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Ivory stockpile. © JABRUSON/FFI

Cambodia’s first conservation genetics lab to tackle illegal ivory trade

Posted on: 21.08.17 (Last edited) 21 August 2017

A new £300,000 grant will help Fauna & Flora International tackle the growing illegal trade of ivory in Cambodia – work that will include support to the country’s first conservation genetics laboratory to identify the origin of seized ivory.

The grant from the UK Government’s Department for Environment, Food and Rural Affairs (Defra) will help Fauna & Flora International (FFI) tackle illegal ivory trade in Cambodia – a country at risk of driving ivory trade in the future. The funding will enable FFI to improve law enforcement, increase knowledge of Cambodian ivory markets and trade networks and develop a database of genetic markers for identifying the origins of ivory.

Shifting ivory markets in Southeast Asia

Cambodia has been identified as a country ‘important to watch’ for illegal ivory trade by CITES, as it has potential to become a major country for ivory sale in the future. There is concern that China’s near complete ban on ivory trade might shift Chinese demand for ivory to other countries such as Cambodia.

In 2015 and 2016, FFI conducted market surveys to investigate the current level of ivory trade and consumer base in three major Cambodian cities: Phnom Penh, Siem Reap and Sihannoukville. The data collected suggests that the country’s domestic ivory market may be growing. Many of the shops and retailers selling ivory products were aimed at Chinese tourists.

Being able to identify whether the ivory comes from African or Asian (pictured) elephants is important in better understanding poaching and trade networks. Credit Jeremy Holden/FFI

Being able to identify whether the ivory comes from African or Asian (pictured) elephants is important in better understanding poaching and trade networks. Credit Jeremy Holden/FFI

Using DNA to help understand poaching networks

The Defra grant will allow FFI to continue to build on its understating of Cambodia’s ivory markets through continued market surveys in these three cities as well as research trade networks. This information will be crucial to support effective interventions and policy to stop illegal trade in ivory.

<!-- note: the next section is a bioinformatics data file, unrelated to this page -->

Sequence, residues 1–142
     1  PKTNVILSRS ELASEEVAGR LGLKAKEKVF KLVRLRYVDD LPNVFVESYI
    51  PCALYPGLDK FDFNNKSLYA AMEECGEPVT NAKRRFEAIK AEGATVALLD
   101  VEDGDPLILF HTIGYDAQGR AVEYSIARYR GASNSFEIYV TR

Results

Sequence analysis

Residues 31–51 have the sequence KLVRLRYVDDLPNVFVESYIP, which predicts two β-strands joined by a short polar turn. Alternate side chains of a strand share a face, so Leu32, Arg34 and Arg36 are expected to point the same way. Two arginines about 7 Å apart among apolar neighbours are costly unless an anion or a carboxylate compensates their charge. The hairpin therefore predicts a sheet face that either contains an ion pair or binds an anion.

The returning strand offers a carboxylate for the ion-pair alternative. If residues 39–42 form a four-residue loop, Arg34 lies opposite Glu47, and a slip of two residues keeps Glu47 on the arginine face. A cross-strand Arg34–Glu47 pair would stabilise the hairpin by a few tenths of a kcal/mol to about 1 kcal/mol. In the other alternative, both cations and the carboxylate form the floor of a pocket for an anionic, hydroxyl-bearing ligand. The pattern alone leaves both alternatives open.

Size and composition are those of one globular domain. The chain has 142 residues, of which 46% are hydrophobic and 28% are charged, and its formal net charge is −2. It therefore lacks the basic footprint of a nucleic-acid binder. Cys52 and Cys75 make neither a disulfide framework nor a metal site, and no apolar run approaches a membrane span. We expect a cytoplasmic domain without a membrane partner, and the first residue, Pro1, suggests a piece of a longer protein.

Excitingly, the grant will also allow FFI to build on its existing work with the Royal University of Phnom Penh to further support Cambodia’s first conservation genetics laboratory, which FFI helped to create in 2016. Staff will be trained in DNA analysis techniques to identify the origin of seized ivory.

Using elephant dung previously collected by FFI and the Cambodian Elephant Conservation Group, genetic markers will be developed that allow confiscated ivory to be tested to see whether it is of African or Asian origin, providing useful information about poaching and trade networks.

“With this project we are looking to get ahead of a potentially big issue,” noted Dr Jackson Frechette, FFI Cambodia’s Flagship Species Manager. “As Thailand and China become more proactive in stopping the ivory trade, there is considerable risk of it becoming diverted to Cambodia. If we are successful here, it will truly be a big win for conservation.”

It is estimated that more than 30,000 African elephants are killed for their ivory every year. © JABRUSON/FFI

It is estimated that more than 30,000 African elephants are killed for their ivory every year. © JABRUSON/FFI

Helping the Royal Government of Cambodia to close policy loopholes

African elephant populations have declined by 30% between 2007 and 2014 and it is estimated that more than 30,000 elephants are killed every year for their ivory. Through its market surveys, FFI determined that the ivory currently on sale in Cambodia likely comes from African elephants.

The sale of ivory has been prohibited in Cambodia since 1994, but this does not include ivory that originates from outside of Cambodia, such as African ivory. FFI will be working with government partners to address this gap in legislation.

Asian elephants are also facing severe threat, with fewer than 52,000 Asian elephants remaining. FFI will be supporting the implementation of National Plans such as The Cambodia Elephant Conservation Action Plan and National Ivory Action Plan to help tackle the decline in this species.

All of these actions will help to disrupt trade networks and ultimately reduce Cambodia’s role in the transit and marketing of ivory, making illegal trade just that bit harder.

Written by
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Alice Bücker

Alice is interested in plants and started working at FFI with the Agricultural Landscapes team looking at the links between biodiversity and agriculture. She now works as the Conservation Partnerships Administrator supporting the cross cutting teams.

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“With this project we are looking to get ahead of a potentially big issue. As Thailand and China become more proactive in stopping the ivory trade, there is considerable risk of it becoming diverted to Cambodia. If we are successful here, it will truly be a big win for conservation.”

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